Japan’s Disasters Still Felt in Auto Financing and Supply
Three months after a killer tsunami and earthquake engulfed parts of Japan, one of the outcomes is shaping up to be an opportunity for U.S. car manufacturers and shoppers.
Japan-based companies are reporting dried-up inventories of certain car models. According to consulting firm A.T. Kearney, the roughly 197,000 car buyers who were leaning toward buying a Japanese brand this summer could increase to 328,000 by the fall. Industry watchers are saying those car shoppers may have to look elsewhere given the shortage of Japanese cars such as the Prius hybrid.
"They’re still dying to see more new auto loans," said Dave Colby, chief economist at CUNA Mutual Group, referring to credit unions. "We’re seeing some additional supply chain disruptions. One of the byproducts of Japan is temporary plant closures. When inventories get low, there is a tendency to get less aggressive on pricing. This may or may not include discount financing."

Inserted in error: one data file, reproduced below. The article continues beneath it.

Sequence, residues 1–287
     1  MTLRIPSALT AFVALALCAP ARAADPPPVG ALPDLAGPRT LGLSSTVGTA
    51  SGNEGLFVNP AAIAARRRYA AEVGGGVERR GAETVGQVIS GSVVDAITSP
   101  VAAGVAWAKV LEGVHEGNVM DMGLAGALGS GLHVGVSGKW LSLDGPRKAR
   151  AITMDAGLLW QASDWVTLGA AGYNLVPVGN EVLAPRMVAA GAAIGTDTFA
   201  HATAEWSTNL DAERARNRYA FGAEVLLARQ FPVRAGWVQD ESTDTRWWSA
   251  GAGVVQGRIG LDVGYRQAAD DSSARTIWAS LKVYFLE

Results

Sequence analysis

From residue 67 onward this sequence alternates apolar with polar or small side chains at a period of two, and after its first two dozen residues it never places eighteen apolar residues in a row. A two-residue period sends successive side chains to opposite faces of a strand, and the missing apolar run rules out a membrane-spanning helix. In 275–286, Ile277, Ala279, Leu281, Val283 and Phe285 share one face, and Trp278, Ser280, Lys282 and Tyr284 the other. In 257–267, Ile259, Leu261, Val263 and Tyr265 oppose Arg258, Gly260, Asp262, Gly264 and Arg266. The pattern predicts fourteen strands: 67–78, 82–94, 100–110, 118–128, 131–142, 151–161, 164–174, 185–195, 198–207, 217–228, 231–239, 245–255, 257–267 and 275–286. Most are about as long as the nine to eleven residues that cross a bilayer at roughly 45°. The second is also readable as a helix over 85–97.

A number of credit unions have launched programs to help members with less-than-stellar credit scores. The recession has created 15 million new subprime consumers, Kearney found. From this group, the firm estimates that at current loan approval rates, approximately 530,000 customers would be locked out of the new vehicle market. This represents a $3.2 billion contribution opportunity for the original equipment manufacturers.